View Full Version : Democrats Introduce Stopgap Spending Measure

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09-30-2007, 01:54 PM
Congressional Democrats on Tuesday introduced a stopgap spending bill (HJ Res 52 (http://thomas.loc.gov/cgi-bin/bdquery/z?d110:h.j.res.00052:)) that would fund at current levels the budgets of Cabinet departments and government agencies until Nov. 16, the AP/Philadelphia Inquirer (http://www.philly.com/philly/wires/ap/news/nation/washington/congress/10006377.html) reports. The new fiscal year begins Oct. 1, and none of the 12 annual appropriations bills has been signed into law (Taylor, AP/Philadelphia Inquirer, 9/25). The House, which is expected to approve the measure on Wednesday, has passed all 12 spending bills, while the Senate, which also must vote on the continuing resolution this week, has approved four. There have been no conference committees.

According to CQ Today, the CR will "give Democrats an opportunity to strategize over how to address veto threats on spending bills that exceed President Bush's budget request." Democrats have proposed spending $23 billion more than the $933 billion Bush requested for FY 2008 (Clarke, CQ Today, 9/25).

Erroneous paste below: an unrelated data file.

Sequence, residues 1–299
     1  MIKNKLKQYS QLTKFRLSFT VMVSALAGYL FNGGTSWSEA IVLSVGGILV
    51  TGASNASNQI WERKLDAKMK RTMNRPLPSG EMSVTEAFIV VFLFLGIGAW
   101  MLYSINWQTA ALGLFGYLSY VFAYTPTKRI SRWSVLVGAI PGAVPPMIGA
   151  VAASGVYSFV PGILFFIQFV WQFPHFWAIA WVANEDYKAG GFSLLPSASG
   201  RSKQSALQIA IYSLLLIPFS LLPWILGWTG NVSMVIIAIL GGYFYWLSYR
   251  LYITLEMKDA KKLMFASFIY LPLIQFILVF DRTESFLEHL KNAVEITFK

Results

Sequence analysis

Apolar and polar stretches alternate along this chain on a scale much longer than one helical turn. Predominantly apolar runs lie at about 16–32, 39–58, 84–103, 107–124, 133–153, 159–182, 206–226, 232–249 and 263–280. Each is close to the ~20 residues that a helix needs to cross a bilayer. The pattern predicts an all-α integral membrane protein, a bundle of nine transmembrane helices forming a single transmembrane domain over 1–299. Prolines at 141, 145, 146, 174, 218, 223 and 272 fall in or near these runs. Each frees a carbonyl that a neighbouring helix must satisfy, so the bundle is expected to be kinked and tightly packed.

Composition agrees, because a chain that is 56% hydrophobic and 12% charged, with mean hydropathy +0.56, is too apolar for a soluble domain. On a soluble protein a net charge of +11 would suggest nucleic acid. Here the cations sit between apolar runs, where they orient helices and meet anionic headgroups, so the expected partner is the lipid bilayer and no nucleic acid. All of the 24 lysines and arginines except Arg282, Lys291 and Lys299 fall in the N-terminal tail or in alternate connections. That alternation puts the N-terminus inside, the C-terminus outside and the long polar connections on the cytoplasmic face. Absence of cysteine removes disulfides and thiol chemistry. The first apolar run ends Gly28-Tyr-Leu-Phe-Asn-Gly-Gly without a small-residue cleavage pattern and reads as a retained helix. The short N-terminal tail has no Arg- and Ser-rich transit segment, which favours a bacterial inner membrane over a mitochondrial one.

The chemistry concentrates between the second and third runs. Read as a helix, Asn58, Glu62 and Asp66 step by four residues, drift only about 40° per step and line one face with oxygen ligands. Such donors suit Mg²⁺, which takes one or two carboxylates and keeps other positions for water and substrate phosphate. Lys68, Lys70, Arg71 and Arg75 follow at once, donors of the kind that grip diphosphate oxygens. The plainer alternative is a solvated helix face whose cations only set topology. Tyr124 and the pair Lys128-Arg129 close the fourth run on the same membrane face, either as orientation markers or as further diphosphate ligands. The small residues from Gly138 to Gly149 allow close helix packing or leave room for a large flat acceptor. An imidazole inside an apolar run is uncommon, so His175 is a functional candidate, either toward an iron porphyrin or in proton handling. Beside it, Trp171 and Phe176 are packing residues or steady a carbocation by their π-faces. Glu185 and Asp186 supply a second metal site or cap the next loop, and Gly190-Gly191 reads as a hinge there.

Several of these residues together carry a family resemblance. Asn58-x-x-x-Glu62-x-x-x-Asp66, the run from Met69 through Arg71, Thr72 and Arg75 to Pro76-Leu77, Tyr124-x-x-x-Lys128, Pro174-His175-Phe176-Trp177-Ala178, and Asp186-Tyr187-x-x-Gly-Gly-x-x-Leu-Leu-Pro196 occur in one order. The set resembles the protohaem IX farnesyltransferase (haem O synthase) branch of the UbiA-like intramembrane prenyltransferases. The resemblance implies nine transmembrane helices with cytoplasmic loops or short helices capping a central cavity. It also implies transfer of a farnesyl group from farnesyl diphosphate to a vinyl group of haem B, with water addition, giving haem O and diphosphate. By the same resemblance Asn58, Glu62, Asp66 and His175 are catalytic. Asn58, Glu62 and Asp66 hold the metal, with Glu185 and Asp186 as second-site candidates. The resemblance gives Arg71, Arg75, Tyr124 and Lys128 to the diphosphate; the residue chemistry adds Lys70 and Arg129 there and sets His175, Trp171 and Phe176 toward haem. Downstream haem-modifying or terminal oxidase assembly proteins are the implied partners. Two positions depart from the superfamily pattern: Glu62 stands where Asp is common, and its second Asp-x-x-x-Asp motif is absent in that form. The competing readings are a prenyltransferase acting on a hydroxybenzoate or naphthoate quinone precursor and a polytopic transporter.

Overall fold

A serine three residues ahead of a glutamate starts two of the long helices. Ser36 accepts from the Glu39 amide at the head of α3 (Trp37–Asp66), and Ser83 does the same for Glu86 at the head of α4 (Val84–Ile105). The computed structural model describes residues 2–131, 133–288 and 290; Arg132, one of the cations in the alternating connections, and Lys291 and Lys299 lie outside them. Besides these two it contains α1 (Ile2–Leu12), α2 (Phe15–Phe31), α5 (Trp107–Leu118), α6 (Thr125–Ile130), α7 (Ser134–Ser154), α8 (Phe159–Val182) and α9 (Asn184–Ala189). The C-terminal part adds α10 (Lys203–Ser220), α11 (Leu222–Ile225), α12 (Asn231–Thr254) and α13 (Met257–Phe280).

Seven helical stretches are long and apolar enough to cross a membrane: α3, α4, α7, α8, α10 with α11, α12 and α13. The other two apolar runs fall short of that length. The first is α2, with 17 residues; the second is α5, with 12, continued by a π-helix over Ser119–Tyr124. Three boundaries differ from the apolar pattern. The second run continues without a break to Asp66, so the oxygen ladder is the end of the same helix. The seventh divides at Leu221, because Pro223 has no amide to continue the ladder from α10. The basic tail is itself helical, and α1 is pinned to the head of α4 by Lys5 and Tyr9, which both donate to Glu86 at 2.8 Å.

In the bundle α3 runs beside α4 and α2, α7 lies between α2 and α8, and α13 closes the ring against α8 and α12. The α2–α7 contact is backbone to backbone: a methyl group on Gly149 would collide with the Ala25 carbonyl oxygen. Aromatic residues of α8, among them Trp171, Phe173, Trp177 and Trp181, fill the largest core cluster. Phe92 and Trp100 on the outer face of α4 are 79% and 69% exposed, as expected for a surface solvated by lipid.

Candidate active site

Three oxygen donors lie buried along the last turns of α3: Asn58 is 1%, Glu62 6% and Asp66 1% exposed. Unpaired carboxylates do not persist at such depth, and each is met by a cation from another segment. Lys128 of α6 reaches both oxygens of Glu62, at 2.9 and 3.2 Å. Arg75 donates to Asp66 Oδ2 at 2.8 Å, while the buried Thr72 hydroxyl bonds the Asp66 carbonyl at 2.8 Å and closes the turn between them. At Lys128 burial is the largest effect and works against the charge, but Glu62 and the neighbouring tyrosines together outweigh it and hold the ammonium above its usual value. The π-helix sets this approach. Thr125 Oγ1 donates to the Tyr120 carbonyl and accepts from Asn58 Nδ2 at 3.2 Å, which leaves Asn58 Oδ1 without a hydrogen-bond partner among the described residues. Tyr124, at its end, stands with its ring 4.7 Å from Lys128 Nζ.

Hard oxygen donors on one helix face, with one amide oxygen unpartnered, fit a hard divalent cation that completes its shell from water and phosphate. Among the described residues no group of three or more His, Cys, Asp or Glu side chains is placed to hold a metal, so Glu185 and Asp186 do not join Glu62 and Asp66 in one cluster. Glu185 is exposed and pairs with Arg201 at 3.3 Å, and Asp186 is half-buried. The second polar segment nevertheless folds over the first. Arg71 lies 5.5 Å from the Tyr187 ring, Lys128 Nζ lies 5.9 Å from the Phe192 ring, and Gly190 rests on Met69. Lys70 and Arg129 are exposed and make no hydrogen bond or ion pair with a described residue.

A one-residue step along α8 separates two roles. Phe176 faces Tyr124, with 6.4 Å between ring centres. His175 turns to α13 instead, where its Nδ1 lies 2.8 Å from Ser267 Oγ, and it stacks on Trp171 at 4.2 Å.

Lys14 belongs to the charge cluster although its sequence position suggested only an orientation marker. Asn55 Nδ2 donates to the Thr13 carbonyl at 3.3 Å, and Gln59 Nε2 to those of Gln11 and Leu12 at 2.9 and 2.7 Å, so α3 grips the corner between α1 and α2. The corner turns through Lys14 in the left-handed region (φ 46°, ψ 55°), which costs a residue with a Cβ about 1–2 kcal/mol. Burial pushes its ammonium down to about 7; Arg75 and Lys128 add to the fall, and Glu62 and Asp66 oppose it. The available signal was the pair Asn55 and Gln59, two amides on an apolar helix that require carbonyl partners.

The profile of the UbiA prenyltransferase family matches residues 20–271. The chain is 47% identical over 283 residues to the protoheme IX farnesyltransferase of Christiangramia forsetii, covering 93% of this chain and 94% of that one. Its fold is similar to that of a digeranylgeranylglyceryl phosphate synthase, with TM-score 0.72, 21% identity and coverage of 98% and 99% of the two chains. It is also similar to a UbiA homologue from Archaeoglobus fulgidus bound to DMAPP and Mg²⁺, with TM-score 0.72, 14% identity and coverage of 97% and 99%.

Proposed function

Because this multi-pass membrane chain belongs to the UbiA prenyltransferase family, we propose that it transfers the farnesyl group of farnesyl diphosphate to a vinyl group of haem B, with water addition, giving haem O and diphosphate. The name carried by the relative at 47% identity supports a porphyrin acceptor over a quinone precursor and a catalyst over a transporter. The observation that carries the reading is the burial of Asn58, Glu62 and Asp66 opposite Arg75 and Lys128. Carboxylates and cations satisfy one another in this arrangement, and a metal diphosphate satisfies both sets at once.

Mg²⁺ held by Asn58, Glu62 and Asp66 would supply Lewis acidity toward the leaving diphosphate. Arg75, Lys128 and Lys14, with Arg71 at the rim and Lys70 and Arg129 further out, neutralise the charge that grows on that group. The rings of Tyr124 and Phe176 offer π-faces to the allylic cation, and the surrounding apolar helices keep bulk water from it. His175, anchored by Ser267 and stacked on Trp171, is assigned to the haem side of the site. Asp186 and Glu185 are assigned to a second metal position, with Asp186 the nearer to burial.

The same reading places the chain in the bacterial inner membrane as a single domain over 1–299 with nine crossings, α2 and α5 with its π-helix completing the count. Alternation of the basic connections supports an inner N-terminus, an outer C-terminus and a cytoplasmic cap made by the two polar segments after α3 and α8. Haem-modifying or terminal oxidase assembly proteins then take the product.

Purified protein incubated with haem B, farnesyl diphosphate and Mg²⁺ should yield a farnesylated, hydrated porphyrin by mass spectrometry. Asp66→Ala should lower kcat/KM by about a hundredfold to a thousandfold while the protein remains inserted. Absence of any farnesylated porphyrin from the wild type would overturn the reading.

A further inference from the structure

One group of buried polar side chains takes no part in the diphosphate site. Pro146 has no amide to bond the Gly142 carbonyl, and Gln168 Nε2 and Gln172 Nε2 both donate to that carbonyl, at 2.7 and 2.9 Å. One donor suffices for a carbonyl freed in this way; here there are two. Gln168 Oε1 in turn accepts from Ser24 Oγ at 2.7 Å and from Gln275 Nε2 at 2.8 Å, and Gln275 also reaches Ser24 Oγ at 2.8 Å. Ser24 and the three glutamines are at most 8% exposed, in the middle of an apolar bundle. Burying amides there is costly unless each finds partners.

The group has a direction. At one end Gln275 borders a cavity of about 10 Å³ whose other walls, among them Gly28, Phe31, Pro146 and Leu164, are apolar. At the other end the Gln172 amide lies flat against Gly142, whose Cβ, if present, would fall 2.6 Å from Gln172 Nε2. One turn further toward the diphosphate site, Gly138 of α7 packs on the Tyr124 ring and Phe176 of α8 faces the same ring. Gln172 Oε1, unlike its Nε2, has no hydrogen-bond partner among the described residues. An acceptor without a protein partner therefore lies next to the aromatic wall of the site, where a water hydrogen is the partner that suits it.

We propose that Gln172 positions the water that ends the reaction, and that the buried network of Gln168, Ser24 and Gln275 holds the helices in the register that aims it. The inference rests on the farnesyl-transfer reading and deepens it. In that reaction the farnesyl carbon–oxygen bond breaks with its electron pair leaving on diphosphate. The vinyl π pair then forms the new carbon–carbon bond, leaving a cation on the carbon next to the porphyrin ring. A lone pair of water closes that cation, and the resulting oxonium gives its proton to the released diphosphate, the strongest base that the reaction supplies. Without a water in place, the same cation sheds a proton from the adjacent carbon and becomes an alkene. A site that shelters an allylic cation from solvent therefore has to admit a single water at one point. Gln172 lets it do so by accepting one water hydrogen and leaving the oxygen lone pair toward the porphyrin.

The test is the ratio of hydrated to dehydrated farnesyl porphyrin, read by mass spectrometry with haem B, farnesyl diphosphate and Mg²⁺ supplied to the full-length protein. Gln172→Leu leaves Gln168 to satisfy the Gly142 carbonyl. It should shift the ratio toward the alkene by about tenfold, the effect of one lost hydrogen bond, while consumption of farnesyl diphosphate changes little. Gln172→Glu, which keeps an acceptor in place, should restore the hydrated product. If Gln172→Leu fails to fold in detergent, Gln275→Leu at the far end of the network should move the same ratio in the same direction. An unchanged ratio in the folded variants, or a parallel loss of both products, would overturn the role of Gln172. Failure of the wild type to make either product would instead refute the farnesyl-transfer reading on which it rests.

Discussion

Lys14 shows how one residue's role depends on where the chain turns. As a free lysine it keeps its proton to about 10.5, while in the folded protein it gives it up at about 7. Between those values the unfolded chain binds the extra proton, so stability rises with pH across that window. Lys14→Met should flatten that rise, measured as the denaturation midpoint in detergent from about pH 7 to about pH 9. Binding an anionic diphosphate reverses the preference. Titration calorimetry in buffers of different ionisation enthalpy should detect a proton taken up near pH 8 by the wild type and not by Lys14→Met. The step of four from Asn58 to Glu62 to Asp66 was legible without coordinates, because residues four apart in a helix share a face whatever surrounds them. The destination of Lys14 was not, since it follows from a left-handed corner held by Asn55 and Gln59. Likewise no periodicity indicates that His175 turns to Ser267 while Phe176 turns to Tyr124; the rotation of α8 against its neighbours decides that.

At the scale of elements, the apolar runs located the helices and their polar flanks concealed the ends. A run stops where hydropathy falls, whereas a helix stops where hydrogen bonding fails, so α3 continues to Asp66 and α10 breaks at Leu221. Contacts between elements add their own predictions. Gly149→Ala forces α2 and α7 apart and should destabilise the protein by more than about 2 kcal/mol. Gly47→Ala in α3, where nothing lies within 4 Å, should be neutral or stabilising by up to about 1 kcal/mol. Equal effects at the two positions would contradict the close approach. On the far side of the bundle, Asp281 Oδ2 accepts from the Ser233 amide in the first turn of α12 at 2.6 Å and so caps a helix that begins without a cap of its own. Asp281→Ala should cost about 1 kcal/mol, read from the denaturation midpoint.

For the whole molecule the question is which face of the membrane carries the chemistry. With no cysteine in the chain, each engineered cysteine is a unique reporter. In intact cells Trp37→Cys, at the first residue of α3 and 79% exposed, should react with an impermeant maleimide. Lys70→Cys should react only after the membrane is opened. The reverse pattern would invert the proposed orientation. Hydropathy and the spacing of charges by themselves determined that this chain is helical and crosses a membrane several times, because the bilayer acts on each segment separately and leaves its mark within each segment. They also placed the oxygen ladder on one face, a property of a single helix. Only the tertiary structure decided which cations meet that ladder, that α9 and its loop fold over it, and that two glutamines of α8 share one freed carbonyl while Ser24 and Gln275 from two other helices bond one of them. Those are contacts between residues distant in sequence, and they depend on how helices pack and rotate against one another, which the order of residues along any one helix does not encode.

The CR also would extend SCHIP temporarily as Congress and Bush continue to debate reauthorization and expansion of the program. The House on Tuesday approved SCHIP compromise legislation (http://kaisernetwork.org/daily_reports/rep_index.cfm?DR_ID=47695), but Bush has vowed to veto the measure (AP/Philadelphia Inquirer, 9/25). In addition, the CR includes provisions for an additional $5.2 billion for additional military resources in Iraq and Afghanistan and would continue military funding at current levels (CQ Today, 9/25). The measure also would extend authority for the Department of Veterans Affairs (http://www.va.gov/) medical care fee collections, the food stamp program and other programs set to expire at the end of the month.

The CR does not include transitional medical assistance for Medicaid beneficiaries who lose eligibility because of changes to their incomes or language to stop a new Medicaid rule requiring tamper-proof prescription pads. Sources said that adding those provisions would have required budget offsets and that separate measures to address those programs still could be approved (Cohn, CongressDaily, 9/25).

Senate Republicans are planning to offer an amendment that would automatically continue funding of government programs, regardless whether the resolution passes. "Democrats are manipulating and delaying the appropriations process in order to use the threat of a government shutdown to cow lawmakers into accepting more wasteful Washington spending," according to a Republican "talking points" memo obtained by CQ (CQ Today, 9/25).

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